In 1969, Oceanside resident William Taylor, then 20, received a draft letter to go to Vietnam. He left college in his second year and decided to accelerate his draft to show the government that he wasn’t resisting the orders. He did clerical work in service and arrived home safely after 13 and a half months.
This past Saturday, Taylor and 46 other veterans were taken on a flight to Washington, D.C., by Honor Flight Long Island to visit the war memorials.
According to Bill Jones, HFLI president, West Point 1972 graduate and Army veteran, “This special flight includes 38 Vietnam War veterans who will receive long overdue recognition and thanks for their service. They’ll be accompanied on this flight by two World War II veterans and seven Korean War veterans. What this flight really represents is a ‘big hug’ to all our veterans from Honor Flight, their families and supporters, who make such flights possible.”
Taylor, now 73, started his service by reporting for duty at the Knights of Columbus in Valley Stream. From there he was shipped off to Fort Hamilton in Brooklyn and moved for basic training to Fort Jackson in South Carolina. There he was trained in clerical work and learned how to type 20 words a minute with no previous typing experience.
He started his journey to Vietnam after reporting to Fort Lewis in Washington at the end of January 1970. He flew to Alaska, then Japan, then to Vietnam on a 24-hour flight. On Jan. 31, 1970, he landed and for the first time he saw the Vietnamese in straw hats and the beautiful scenery.
“You don’t realize that you’re there until you actually get off the plane and feel the heat, get your bearings,” Taylor said. “You’re looking around, and I landed in Cameron Bay, and I couldn’t believe how beautiful the country was. I could compare it to Hawaii or any beautiful island that you go to down in the Caribbean. It was just lush, beautiful palm trees and stuff like that, and I was just thinking to myself, ‘how could someplace be so beautiful and be so horrible.’”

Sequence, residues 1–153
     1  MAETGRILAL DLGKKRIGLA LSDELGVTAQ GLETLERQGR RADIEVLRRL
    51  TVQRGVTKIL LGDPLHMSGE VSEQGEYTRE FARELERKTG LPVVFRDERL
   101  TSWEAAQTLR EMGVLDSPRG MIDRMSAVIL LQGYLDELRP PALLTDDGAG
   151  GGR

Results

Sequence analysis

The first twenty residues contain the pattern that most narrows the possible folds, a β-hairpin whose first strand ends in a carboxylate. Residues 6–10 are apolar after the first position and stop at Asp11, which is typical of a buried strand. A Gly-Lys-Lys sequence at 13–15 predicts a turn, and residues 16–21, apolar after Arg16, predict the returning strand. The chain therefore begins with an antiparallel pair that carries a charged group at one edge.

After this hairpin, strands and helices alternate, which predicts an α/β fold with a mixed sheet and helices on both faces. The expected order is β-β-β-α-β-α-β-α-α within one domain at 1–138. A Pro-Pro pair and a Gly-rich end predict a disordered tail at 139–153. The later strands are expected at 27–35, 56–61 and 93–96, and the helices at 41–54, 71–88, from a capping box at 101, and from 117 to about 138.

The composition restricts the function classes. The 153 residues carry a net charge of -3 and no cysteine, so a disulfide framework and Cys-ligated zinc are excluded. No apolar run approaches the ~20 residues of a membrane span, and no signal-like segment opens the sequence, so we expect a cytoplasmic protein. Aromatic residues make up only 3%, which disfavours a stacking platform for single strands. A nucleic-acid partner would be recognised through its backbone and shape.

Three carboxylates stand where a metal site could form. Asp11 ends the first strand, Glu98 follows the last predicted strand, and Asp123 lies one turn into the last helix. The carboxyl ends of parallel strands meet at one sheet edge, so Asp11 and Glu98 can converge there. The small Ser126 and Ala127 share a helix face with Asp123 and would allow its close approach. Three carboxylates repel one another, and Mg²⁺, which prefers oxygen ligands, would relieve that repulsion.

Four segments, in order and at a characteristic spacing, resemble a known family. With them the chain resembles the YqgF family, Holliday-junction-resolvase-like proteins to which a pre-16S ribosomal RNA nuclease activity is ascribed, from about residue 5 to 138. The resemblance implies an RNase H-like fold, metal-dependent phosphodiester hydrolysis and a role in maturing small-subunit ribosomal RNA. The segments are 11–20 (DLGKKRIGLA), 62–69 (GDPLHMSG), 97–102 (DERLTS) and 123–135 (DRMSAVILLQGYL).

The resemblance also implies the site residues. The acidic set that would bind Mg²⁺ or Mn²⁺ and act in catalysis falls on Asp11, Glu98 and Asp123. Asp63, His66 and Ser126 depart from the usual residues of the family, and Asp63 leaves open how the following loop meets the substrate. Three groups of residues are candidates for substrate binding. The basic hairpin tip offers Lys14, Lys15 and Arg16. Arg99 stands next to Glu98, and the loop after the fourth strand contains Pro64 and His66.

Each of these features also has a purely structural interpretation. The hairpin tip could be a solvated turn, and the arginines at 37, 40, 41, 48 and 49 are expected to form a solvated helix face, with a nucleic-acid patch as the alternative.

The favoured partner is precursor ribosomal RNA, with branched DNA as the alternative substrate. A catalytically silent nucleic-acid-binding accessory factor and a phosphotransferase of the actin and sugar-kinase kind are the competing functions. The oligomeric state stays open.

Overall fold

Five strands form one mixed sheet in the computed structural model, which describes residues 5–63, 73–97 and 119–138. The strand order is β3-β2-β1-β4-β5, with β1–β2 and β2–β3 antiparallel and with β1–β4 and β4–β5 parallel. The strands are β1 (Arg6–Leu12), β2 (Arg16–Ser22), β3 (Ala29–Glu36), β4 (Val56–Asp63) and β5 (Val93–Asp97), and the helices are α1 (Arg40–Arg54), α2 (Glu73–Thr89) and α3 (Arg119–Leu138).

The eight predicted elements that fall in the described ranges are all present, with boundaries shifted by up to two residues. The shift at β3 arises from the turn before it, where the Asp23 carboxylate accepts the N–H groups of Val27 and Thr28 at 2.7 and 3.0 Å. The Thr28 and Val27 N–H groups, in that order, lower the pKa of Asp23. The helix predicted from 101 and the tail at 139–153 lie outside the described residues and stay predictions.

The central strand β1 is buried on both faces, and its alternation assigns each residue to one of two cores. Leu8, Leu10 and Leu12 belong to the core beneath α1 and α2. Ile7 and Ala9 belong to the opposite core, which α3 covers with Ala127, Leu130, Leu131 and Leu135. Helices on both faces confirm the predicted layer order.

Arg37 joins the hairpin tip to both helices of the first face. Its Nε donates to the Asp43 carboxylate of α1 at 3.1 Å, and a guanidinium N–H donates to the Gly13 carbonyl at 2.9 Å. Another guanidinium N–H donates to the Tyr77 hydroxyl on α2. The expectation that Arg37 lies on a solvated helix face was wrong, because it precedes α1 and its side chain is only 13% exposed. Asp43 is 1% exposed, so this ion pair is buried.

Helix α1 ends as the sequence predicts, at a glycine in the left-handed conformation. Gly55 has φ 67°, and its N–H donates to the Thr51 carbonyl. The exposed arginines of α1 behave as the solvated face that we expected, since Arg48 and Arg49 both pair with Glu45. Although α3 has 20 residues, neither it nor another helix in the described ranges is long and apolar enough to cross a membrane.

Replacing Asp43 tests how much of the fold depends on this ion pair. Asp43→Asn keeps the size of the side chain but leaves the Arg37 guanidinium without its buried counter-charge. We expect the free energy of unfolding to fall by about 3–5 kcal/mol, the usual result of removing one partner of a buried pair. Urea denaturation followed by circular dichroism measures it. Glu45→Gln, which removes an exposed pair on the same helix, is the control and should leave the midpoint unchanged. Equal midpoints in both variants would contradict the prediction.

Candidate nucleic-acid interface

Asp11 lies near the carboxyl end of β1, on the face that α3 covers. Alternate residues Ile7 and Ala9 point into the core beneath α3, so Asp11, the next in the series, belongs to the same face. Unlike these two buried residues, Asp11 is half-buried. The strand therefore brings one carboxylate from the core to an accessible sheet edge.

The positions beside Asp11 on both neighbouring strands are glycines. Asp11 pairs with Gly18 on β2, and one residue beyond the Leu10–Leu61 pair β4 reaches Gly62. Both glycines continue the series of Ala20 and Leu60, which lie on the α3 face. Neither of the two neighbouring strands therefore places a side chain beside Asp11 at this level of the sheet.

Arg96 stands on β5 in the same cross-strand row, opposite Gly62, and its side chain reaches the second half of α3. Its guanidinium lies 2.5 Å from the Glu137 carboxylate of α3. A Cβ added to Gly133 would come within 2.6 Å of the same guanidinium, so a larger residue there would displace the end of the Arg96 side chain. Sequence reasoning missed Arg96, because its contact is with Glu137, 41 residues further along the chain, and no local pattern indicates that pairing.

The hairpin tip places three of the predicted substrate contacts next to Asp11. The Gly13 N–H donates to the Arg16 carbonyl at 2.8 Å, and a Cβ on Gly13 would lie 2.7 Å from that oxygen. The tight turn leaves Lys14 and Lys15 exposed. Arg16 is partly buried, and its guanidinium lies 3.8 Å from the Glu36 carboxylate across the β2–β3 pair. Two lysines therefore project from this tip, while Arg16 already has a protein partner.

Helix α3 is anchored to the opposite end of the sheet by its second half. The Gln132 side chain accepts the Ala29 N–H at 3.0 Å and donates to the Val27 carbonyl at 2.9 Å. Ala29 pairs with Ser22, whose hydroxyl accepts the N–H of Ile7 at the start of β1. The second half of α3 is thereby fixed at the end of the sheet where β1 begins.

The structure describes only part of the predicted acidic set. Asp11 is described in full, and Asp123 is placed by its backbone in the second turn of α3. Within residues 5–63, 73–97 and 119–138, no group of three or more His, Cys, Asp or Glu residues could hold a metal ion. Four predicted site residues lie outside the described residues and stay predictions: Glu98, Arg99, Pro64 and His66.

Assigned to the 359th Transportation Battalion as a company clerk, Taylor stayed at headquarters doing reports and managing awards for medals. He typed with one finger on each hand the whole time and marked each passing day with a letter X on his hat. “Each day you were just hoping that you make it to the next day,” he said.
He served six months in Pleiku, where he faced a few mortar attacks close to the compound that “put me on edge for a couple of weeks,” and then merged with a bigger company in Charang Valley.
For his 21st birthday he decided to use his rest and relaxation credit the military allows to go to Hawaii for a week. He left on his birthday on July 30, 1970, for Hawaii, first flying to Guam and then crossing the dateline into Hawaii where it was 12 o’clock July 30 still. “So,” he said, “my 21st birthday turned into a 42-hour day.”
In Hawaii Taylor met up with his then girlfriend and a friend stationed on the island who showed them around, and they saw Jimi Hendrix live, a month before the musician died. “I always wanted to see him, and I got to see him. It was just completely mind-blowing.” Taylor reflected
Back in the U.S. he revisited an interest in plumbing supplies, and for 50 years he’s been in the wholesale and retail plumbing business. For the last 17 years he’s been going to the VA Center in Babylon to receive services and meet up with his friends. A friend at the center signed Taylor and other veterans at the center up for the Honor Flight journey before the pandemic, and this has been the first flight since.
Taylor hopes to meet more veterans through the experience of visiting the World War II, Korean War and Vietnam War memorials; Arlington National Cemetery for a Changing of the Guard; the Air Force Memorial; and the Iwo Jima Memorial.
“I’m looking forward to it because I don’t know how I’m going to react,” he said, “because 57,000 people’s names are on that wall -- that’s a lot of people that died and for what, for what purpose, because we ended up just leaving and we were supposed to stop the Communists from coming in. Soon as we left, that was it, it was over … everyone who died, they had mothers, fathers, sisters, brothers, aunts and uncles and they all went through that loss.”
When Taylor and other Vietnam veterans returned home, they weren’t given the appreciation for their service other veterans had received, which Taylor didn’t notice until the Iraq and Afghanistan veterans received praise. He said, “I didn’t begrudge them of that, but I felt that I wasn’t appreciated, so maybe this flight will make me feel that I was appreciated, and it was all worthwhile.”
Taylor has noticed a stigma some veterans feel when obtaining mental health services but says for a few years now that stigma has tapered off. “Guys, sometimes they get depressed, but thank God for Wednesdays,” he said. “We go there and it’s very helpful.”
Looking back on his service, Taylor said, “I would do it all over again, just for the friendships that I made and the closeness, I’ve never felt that close to anybody before. Even friends at home, you know, it was a different kind of friendship. … You feel closer to people over there because everyone depends on each other, everybody has to have each other’s back.”